Professor Andrew Long is the Dean of Faculty of Engineering at the University of Nottingham. He has published over 250 papers including around 80 refereed journal papers, and has co-authored/edited three textbooks related to polymer composites. He is Director of the EPSRC Centre for Innovative Manufacturing in Composites and of the University of Nottingham Institute for Aerospace Technology, which represents the Aerospace Priority Group. He is chairman of SAMPE UK & Ireland Chapter and co-organiser of several international conference series. In 2006 he was awarded the Institute of Materials Rosenhain Medal in recognition of distinguished achievement in materials science. He is also strongly involved with Open Nottingham.
Tuesday, 25 October 2011
The Open Source Geospatial Foundation (OSGeo) and the International Cartographic Association (ICA) have signed a Memorandum of Understanding with the aim of developing on a global basis collaboration opportunities for academia, industry and government organizations in open source GIS software and data.
One aspect of the MoU is to provide support for building-up and supporting development of open source GIS training materials. For example through the ELOGeo eLearning platform for the Open Geospatial Community.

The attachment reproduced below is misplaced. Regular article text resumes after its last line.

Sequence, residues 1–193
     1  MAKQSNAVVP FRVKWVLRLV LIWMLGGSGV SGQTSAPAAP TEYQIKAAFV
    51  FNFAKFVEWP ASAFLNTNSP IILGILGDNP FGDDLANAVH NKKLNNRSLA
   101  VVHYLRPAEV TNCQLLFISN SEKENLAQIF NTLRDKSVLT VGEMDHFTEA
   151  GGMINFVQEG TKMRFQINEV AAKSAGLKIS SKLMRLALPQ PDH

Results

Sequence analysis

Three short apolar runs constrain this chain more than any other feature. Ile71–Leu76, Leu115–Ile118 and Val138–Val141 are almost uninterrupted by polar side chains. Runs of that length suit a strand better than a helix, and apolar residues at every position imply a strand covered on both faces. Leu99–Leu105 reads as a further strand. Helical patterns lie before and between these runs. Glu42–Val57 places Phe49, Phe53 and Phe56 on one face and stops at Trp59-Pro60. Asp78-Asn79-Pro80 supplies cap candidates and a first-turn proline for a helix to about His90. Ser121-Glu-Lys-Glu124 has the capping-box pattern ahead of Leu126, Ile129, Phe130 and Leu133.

Friday, 21 October 2011
We have recently had an excellent contribution from EDINA http://edina.ac.uk/ to the ELOGeo repository, titled Data Handling in R: Practical Exercise by Duncan Smallman. This will be a useful resource for those interested in learning basics of spatial statistics.
Many thanks to Addy Pope, Robin Rice and other colleagues at EDINA.
Tuesday, 18 October 2011
Back in 2007, here in CGS (Centre for Geospatial Science) – which is now going to be merged in a new body called Nottingham Geospatial Institute- a blog was actively being updated called “GeoSoup”! I wasn’t here at that time but Mike, Suchith and Didier from the current ELOGeo team in addition to Kristin, Jerry and James were there as the early members of the new established CGS.
While I wasn't aware of this blog, Suchith told me that there was a similar “special-spatial” thread of discussion there (perhaps because at that time they were looking for the speciality of the CGS). Here is what he found: http://geosoup.wordpress.com/2007/07/06/whats-special-about-spatial/